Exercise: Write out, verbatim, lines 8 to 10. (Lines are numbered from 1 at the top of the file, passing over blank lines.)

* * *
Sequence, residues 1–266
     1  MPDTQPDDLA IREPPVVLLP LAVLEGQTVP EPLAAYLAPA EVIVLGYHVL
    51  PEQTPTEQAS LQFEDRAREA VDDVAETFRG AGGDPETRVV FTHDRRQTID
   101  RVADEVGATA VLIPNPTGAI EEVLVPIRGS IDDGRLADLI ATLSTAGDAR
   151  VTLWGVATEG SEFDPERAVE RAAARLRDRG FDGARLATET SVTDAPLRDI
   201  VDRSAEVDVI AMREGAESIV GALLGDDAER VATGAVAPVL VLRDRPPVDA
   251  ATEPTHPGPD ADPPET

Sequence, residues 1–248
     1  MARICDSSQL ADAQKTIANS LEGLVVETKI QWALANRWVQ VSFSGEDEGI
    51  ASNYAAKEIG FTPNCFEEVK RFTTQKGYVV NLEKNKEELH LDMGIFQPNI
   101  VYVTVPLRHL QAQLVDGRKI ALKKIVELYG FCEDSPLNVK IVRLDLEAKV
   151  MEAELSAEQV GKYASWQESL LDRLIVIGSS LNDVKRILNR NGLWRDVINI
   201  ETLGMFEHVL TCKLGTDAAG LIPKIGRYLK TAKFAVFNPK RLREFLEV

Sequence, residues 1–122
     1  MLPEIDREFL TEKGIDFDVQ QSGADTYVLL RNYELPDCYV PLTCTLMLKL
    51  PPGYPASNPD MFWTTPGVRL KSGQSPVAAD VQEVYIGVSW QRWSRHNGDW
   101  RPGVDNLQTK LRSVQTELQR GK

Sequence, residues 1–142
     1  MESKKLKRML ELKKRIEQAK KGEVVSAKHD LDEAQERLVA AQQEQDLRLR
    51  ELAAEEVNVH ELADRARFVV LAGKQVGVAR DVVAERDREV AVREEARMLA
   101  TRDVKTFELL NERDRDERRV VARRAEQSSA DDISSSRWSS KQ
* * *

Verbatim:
Sequence, residues 1–248
     1  MARICDSSQL ADAQKTIANS LEGLVVETKI QWALANRWVQ VSFSGEDEGI
    51  ASNYAAKEIG FTPNCFEEVK RFTTQKGYVV NLEKNKEELH LDMGIFQPNI